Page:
Will Obama do it? I think that is hoping too much. But if he does, then he will take a place alongside Roosevelt and Lincoln.  

19 Nov 2008 @ 20:57 by quinty : Much to my disgrace
I was late in opposing the Vietnam War.

No matter what's going on there always intelligent people who see through the lies. They're often in the minority, though a large one spoke up against the Iraq War as it approached. Our "establishment" supported it much as the "establishment| has always supported American military adventures. We make that mistake over and over again. "The troops will be home by Christmas." (How many times has that one been said, including Iraq?) We are there for a just cause - fill in the blank. Our national security is at stake - well, yeah, economic perhaps, benefiting who?

Now Obama appears to be preparing to get in deeper in Afghanistan. We have been there seven years now and are actually losing ground. Will escalation work (how many times have we heard that one too?) or will Afghanistan be, as some pundits have said, Obama's tomb?  

19 Nov 2008 @ 22:05 by quinty : Maybe some fools
who wanted to escalate in Vietnam were like me. They believed in the "domino theory." And bound by Cold War logic believed they had to "contain" Communism. What's more, the idea that little guys in black pajamas could whump the most powerful military on Earth was commonly accepted as wild fancy.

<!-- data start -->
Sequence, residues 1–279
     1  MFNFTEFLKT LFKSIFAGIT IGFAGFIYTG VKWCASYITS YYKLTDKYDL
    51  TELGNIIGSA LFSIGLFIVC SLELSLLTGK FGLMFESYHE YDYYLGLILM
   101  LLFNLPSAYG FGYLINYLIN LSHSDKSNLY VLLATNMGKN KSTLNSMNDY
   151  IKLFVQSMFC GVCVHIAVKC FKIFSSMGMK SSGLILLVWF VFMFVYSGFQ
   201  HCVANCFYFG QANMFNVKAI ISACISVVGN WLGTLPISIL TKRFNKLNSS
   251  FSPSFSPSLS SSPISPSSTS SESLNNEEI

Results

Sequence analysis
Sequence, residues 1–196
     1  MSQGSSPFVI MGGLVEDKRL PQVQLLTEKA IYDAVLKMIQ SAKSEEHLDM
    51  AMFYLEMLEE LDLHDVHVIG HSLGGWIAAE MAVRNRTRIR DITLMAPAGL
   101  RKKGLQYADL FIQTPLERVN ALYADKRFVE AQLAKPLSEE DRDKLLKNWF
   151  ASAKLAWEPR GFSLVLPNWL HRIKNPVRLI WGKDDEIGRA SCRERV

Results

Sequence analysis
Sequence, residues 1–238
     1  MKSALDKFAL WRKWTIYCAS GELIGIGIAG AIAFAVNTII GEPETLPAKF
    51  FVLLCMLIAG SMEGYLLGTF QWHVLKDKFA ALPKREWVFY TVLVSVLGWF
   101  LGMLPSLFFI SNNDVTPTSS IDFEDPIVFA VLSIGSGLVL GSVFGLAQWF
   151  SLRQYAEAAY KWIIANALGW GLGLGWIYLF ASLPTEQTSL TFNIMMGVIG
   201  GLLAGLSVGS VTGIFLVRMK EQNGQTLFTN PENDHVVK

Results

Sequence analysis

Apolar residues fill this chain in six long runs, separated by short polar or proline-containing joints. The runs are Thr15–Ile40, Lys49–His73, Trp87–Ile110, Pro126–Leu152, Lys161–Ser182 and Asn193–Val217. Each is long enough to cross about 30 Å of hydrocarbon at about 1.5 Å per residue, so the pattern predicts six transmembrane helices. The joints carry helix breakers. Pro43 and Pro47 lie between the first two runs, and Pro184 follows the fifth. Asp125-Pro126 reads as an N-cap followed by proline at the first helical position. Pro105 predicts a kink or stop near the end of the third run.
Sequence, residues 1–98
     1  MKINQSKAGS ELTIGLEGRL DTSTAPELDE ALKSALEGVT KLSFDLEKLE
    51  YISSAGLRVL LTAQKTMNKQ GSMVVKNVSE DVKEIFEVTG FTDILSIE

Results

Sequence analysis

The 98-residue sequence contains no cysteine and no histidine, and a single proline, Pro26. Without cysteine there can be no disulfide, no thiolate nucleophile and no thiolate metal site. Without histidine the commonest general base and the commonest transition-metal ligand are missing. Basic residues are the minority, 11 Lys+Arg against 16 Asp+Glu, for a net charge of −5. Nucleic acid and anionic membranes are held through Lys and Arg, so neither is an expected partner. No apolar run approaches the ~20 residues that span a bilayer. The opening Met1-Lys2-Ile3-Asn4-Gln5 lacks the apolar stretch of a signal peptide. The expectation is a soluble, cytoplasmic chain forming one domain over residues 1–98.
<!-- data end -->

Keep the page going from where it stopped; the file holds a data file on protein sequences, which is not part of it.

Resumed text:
We apparently didn't learn our lesson: not regarding Iraq at least. And this latest folly has interestingly exposed many rightwingers who still believe we should never have "lost" in Vietnam.

Well, yeahhhhh, we could have won. If we had bombed the bejeezus out of Vietnam and turned it into a parking lot we could have won. But who really believes, even to save American face, that would have been worth it?

Apparently some VFW and American Legion gung ho types like John McCain do.  

20 Nov 2008 @ 00:33 by ursula : forget it

20 Nov 2008 @ 03:56 by vaxen : .

20 Nov 2008 @ 10:58 by jazzolog : Wow!
When Vax pours it out like this, he cannot be surpassed. Merchants and druglords go back a long way, hand in hand. And what haven't we done to protect their trade routes? I suppose all civilizations have been the same about getting and spending---and tribes too. Thank you for tying it all together.

I wasn't in touch with Quinty during his military period, and never talked about it with him. I heard rumors though, but couldn't conceive what in the world could be going on with him. Here was a guy the FBI came to visit me about regarding his conscientious objection to shooting one's enemies with guns. Thanks for writing about it here, buddy.

I don't speak for any teeny segment of the minority of my generation that protested stuff. But I don't look upon us and myself as having been naive. We called it idealistic. Now there's a term I haven't heard in years! Believe it or not, there is a strong philosophic history for idealism. I wonder if it would be good for me to look some of that stuff up now and read it again.  

20 Nov 2008 @ 18:51 by vaxen : .

21 Nov 2008 @ 16:36 by jazzolog : The Enraged Stinkbug And His Vice Prez
A final shot in the dark hours~~~  

21 Nov 2008 @ 21:38 by vaxen : .

22 Nov 2008 @ 11:10 by jazzolog : This Day